"You don't have a tent," Avery said.
The old man pointed to one of the back corners.
Annja spotted a bin containing wooden dowels an inch in diameter and four feet long. They were treated and varnished, improving their strength against wear and the elements.
Retreating to the back of the shop, Annja took one of the rods from the bin. She spun it experimentally for a moment, moving it from one hand to the other, and found the dowel acceptable.
She returned to the counter. "This is great. I'll take it."
The old man rang up the price.
Annja paid and thanked him, then asked, "Is there a back way out of here?"
"Mademoiselle?" The old man's gaze told her he didn't think he'd heard her right.
"A back way." Annja pointed to the rear of the store. "A way out into the alley?"
"Yes, but why would you want to—?"
Annja laid a hundred euros on the counter. "Please," she said.
The old man pointed with one hand and picked up the money with the other.
Annja grabbed Avery by the arm, guiding her guide for the moment.
"What are you doing?" he protested, pushing her hand away.
"Trying to keep you from getting hurt," she answered.
"Hurt?" Avery brushed at his hoodie, smoothing the lines.
"Didn't you see the two guys across the street?" Annja threaded her way through the displays at the back of the shop.
A small metal door let out into the alley. She opened the door and went through.
"No," Avery said defensively.
Gazing back, Annja saw that the two men were in motion, heading for the shop. "The two guys who were following us?" she persisted.
Avery shook his head.
He's just a kid, Annja reminded herself. He's probably never seen a mugging in his life. She took a quick breath.
"Okay," she said, "there were two guys following us for the last three blocks." It might have been longer than that. She wasn't sure. She was still jetlagged from the long trip from New York.
"Oh," Avery said, sounding confused.
The alley was narrow and the walls of the two adjacent buildings were crooked. Stones jutted out in a random pattern.
"I want you to go to the car," Annja said.
"Aren't you coming?" Avery looked worried.
"In a second." Annja slid her backpack from her shoulders and handed it to him.
The bag carried her cameras, journals, maps and pocket PC. Replacing those items would cost a few thousand dollars, but she figured they were safer in Avery's hands than hers for the next few minutes.
"Take this to the car. I'll be there shortly." Annja put a hand on his thin shoulder and gave him a gentle push. "Please, I want you to be safe."
Clasping the backpack to his chest, Avery looked uncertain.
"I'll be there," Annja told him. "In a minute. Now go."
Reluctantly, the young man left. In a handful of steps he was out of sight behind the twisting alley walls.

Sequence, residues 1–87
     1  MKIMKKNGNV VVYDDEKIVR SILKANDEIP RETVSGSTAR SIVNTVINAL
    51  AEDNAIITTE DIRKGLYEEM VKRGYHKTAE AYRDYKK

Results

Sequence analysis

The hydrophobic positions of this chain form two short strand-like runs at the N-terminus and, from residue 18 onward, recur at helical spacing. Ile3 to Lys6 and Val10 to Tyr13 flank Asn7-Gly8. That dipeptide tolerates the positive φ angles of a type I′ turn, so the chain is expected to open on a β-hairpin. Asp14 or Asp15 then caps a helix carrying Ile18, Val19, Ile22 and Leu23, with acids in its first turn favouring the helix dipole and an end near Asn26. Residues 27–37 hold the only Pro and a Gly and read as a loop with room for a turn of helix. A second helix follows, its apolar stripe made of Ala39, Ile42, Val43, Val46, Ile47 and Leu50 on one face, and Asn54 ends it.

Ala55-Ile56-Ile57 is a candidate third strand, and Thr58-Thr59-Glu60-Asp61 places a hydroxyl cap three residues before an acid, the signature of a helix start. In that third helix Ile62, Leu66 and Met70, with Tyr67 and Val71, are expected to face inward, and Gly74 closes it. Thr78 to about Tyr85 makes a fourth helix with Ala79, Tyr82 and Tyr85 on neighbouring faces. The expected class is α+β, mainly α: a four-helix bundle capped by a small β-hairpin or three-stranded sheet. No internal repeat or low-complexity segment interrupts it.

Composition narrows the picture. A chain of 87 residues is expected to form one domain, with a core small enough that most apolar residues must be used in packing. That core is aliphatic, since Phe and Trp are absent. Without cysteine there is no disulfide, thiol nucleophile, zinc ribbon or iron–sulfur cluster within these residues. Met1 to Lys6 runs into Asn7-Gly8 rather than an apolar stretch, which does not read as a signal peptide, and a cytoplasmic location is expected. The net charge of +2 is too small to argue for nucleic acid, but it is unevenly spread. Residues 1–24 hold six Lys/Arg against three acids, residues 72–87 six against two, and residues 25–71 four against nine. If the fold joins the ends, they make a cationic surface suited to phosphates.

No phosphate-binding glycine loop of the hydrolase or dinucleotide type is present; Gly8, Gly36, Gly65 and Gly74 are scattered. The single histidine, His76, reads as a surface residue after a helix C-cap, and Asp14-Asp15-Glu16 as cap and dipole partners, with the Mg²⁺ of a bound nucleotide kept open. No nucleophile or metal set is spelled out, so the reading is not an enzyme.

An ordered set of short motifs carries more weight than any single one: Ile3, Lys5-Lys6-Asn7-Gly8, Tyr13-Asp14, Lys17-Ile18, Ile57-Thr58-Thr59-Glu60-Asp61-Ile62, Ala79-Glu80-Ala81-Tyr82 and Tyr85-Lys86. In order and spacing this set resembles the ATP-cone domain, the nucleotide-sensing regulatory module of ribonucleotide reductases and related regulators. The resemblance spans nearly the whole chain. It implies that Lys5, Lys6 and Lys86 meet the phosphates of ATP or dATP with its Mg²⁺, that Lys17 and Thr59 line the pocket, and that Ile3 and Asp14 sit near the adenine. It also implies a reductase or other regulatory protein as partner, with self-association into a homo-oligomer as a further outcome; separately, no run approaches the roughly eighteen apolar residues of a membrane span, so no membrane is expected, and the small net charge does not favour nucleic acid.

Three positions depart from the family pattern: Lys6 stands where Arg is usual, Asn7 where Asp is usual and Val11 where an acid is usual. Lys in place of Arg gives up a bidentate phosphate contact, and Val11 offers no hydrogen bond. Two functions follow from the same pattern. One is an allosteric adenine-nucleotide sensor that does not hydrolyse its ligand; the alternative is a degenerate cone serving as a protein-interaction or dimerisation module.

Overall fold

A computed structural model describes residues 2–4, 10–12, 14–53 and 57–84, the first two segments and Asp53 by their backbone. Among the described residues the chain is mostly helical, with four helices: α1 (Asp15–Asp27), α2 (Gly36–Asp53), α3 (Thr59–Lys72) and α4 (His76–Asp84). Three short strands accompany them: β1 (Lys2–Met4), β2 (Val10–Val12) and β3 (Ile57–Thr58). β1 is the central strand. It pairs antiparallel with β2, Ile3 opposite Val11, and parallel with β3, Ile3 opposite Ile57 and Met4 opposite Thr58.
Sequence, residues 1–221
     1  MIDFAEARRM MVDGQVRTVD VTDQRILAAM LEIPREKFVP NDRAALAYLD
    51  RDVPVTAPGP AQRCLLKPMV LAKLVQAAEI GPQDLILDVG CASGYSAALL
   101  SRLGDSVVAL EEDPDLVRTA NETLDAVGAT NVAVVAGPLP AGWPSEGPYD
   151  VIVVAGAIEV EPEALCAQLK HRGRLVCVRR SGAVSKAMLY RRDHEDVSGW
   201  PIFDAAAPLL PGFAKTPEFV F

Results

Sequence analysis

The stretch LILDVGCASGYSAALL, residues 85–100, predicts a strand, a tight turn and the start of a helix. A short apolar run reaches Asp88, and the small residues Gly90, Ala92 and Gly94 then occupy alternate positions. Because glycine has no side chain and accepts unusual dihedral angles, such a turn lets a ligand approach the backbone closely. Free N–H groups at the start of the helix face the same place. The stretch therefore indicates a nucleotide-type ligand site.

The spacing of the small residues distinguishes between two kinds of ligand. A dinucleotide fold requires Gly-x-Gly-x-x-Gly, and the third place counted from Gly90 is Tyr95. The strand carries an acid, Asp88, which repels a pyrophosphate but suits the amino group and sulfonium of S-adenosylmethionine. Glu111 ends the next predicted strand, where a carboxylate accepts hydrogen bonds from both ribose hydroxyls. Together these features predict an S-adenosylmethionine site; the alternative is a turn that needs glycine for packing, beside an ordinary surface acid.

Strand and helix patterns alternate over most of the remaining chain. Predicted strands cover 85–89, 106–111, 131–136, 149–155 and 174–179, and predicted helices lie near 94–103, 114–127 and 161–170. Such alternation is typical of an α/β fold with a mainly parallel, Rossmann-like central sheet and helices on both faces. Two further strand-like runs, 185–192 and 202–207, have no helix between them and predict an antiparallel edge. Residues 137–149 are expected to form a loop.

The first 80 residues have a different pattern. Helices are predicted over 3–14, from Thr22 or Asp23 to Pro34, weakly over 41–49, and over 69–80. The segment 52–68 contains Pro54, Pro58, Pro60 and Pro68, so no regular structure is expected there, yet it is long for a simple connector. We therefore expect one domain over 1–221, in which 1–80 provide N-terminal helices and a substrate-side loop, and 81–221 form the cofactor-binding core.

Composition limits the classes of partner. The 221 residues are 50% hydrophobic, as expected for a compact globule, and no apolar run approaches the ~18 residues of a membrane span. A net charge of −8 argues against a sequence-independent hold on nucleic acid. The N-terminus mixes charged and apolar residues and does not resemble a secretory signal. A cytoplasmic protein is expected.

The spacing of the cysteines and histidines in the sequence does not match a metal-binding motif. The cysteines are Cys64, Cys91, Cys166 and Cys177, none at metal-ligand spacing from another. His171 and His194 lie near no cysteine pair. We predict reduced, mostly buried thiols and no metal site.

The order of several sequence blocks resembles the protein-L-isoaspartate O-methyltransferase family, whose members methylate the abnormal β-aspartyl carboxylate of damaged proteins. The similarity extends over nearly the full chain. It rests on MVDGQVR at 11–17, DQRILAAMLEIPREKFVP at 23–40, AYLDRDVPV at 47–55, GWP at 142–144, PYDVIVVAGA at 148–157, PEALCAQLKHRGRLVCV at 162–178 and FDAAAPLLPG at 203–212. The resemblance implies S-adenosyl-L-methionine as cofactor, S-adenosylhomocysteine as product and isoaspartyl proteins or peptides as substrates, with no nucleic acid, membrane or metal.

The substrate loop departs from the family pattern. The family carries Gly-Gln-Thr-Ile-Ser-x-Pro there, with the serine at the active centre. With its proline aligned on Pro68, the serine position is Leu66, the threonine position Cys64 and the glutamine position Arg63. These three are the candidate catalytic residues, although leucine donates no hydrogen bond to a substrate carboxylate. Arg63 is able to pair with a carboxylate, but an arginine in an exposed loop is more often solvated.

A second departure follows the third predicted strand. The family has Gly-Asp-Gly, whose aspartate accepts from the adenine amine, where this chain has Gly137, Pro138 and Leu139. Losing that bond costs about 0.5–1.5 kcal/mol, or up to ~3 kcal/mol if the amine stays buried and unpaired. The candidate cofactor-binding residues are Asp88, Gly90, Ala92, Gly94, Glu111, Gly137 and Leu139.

Threading her tent pole through her belt, Annja turned toward the back wall of the fishing shop. An accomplished rock climber, she skillfully scaled the wall and came to a rest atop the doorway. Turning around so that she faced the alley was difficult, but she managed.
She took the tent pole in both hands and waited.
Henri Foulard gazed around the fishing shop. He didn't see the American woman anywhere. Growing anxious, he trotted to the back of the shop and looked through the displays.
"She's not here," Jean said.
"I see that," Foulard snapped. At that moment, the cell phone in his pocket rang. He answered it at once. "Yes."
"Do you have the woman?" Corvin Lesauvage's tone was calm and controlled. He always sounded that way. But to the trained ear, his words held a dangerous edge.
"Not yet," Foulard answered. His head swiveled, searching desperately for the woman.
"I want to talk to her."
"I know. You will." Foulard pushed through a rack of jackets.
"If she knows something about La Bête that I do not know, I must be made aware of it."
"Soon," Foulard promised.
"Do not disappoint me."
Foulard could not imagine anything in the world that he would want to do less. Lesauvage was a violent man with an unforgiving nature. People who crossed him died. Foulard had helped bury some of them in shallow graves. Others he had chopped into pieces and fed to the fish in the Seine.
The phone clicked dead.
Replacing the device in his pocket, Foulard turned to the old man whose owlish eyes were narrow with disapproval. Foulard knew the old man was not as annoyed as he was.
"Where's the woman?" Foulard demanded.
The old man gripped the lapels of his vest. "You need to leave my shop."
Foulard crossed to the man in three angry steps.
Reaching beneath the counter, the old man took out a phone. "I will call the police."
Without pause, Foulard slapped the phone from the old man's hand, then grabbed a fistful of his vest and yanked him close. Effortlessly, Foulard slipped the 9 mm pistol from beneath his wind-breaker and put the muzzle against the old man's forehead.
"The woman," Foulard repeated in a deadly voice.